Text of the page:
Alpha Phi Alpha Fraternity

Alpha Phi Alpha, the first intercollegiate Greek-letter fraternity established for African-Americans, was founded at Cornell University in Ithaca, New York by seven college men who recognized the need for a strong bond of Brotherhood among African descendants in this country. The visionary founders, known as the “Jewels” of the Fraternity, are Henry Arthur Callis, Charles Henry Chapman, Eugene Kinckle Jones, George Biddle Kelley, Nathaniel Allison Murray, Robert Harold Ogle, and Vertner Woodson Tandy. The Fraternity initially served as a study and support group for minority students who faced racial prejudice, both educationally and socially, at Cornell. The Jewel founders and early leaders of the Fraternity succeeded in laying a firm foundation for Alpha Phi Alpha’s principles of scholarship, fellowship, good character, and the uplifting of humanity.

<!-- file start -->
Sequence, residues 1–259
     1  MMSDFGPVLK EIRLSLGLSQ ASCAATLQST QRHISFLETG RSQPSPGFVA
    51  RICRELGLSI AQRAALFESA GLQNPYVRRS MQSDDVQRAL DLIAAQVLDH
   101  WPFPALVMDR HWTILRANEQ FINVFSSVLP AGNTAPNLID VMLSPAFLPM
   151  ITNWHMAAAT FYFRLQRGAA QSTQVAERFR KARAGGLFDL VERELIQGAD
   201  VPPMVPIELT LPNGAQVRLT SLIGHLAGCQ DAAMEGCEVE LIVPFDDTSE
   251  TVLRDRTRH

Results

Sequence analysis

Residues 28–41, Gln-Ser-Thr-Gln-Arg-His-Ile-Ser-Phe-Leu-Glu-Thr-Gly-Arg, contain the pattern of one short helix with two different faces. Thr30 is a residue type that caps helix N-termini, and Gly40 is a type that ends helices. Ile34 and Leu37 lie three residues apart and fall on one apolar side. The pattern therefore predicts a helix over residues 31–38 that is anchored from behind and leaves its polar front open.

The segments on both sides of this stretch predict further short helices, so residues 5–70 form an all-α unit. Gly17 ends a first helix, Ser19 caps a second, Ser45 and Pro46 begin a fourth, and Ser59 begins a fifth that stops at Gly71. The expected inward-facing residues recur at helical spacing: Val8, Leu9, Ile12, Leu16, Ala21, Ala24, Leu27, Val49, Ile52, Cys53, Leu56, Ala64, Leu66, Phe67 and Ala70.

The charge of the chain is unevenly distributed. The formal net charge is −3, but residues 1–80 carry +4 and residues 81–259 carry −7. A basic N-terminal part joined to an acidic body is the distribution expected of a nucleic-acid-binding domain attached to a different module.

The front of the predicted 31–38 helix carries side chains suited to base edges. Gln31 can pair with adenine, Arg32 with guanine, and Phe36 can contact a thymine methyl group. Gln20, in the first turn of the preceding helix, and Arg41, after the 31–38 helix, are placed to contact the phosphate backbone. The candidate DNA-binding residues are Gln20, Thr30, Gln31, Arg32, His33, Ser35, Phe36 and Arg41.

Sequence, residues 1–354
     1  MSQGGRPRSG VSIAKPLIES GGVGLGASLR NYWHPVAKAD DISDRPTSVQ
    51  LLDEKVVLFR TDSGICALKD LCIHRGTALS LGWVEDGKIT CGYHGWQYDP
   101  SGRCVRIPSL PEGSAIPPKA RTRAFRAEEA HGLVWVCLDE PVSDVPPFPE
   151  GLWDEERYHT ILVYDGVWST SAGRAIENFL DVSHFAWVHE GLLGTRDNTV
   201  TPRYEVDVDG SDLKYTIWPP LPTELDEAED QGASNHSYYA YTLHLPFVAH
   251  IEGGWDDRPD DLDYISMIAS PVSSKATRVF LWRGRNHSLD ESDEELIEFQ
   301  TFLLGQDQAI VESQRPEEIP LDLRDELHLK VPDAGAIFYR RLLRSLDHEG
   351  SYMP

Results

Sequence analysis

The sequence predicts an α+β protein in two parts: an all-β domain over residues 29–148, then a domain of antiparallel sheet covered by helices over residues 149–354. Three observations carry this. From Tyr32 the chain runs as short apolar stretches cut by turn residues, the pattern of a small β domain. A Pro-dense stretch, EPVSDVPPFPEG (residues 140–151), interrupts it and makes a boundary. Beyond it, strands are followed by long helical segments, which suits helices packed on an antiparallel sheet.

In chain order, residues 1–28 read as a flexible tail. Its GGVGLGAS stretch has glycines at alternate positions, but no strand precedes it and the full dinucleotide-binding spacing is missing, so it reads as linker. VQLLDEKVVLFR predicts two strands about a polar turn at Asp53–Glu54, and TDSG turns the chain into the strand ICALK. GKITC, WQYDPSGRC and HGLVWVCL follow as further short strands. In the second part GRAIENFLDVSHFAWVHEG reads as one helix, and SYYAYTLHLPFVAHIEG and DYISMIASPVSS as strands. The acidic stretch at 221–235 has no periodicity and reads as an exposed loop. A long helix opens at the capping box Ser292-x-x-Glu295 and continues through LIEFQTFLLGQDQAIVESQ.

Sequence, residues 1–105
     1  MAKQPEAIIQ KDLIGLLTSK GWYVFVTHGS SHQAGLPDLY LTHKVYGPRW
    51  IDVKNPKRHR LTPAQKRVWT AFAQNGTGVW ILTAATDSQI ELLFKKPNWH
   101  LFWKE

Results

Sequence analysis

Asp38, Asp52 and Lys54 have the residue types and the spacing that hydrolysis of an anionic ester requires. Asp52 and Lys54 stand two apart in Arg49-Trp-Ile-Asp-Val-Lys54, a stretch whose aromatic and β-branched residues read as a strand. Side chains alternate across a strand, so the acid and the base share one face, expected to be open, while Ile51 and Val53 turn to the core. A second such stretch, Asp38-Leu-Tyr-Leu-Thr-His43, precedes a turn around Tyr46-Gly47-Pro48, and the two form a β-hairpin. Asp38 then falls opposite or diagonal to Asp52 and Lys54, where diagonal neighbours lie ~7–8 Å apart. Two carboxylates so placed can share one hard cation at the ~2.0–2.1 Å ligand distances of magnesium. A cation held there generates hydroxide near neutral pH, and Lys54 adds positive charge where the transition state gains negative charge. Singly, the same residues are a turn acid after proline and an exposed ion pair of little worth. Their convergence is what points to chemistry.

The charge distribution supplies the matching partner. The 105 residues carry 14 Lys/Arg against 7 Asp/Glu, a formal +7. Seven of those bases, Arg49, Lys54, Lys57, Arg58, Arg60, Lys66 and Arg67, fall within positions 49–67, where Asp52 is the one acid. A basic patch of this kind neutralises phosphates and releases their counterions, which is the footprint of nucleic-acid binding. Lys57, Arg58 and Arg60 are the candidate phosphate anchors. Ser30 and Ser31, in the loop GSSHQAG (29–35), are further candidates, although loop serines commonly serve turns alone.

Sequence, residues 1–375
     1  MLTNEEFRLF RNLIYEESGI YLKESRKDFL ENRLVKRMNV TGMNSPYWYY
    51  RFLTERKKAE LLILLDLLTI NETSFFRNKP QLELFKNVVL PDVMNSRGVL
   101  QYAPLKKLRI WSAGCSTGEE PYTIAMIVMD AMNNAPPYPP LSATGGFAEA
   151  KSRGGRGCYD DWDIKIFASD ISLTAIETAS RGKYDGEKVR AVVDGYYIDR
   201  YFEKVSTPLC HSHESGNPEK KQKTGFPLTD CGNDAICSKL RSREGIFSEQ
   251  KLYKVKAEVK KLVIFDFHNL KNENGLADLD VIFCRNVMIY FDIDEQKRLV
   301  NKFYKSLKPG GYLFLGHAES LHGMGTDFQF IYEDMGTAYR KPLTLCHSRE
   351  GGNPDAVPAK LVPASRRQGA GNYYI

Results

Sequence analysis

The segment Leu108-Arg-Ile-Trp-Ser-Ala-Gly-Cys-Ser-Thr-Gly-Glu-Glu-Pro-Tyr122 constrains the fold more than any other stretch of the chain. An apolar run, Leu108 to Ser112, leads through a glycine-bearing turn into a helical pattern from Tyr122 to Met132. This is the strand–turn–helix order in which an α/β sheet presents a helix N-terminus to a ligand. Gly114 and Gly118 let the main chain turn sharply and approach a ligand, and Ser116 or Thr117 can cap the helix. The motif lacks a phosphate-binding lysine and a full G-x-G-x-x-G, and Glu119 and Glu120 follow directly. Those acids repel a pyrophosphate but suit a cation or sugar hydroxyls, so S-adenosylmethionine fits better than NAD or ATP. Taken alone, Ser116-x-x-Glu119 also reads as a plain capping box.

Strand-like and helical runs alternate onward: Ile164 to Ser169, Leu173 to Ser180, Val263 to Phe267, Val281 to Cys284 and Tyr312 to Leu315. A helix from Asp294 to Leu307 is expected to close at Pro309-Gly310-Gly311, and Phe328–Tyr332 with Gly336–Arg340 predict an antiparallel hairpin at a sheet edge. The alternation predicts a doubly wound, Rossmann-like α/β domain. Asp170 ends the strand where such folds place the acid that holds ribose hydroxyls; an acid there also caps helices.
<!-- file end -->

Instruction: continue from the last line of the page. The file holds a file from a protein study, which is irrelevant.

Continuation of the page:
Zeta Epsilon Lambda Chapter was chartered in the spring of 1955 in Red Bank, New Jersey by 21 Brothers residing in Asbury Park, Long Branch, and Red Bank, New Jersey. The Chapter is located on the Jersey Shore in Central New Jersey with the charter area of Monmouth and Ocean County.  Brother James W. Parker, Jr., Red Bank, was the chapter’s first president and was one of four Brothers in the Chapter with fifty or more years in the fraternity.

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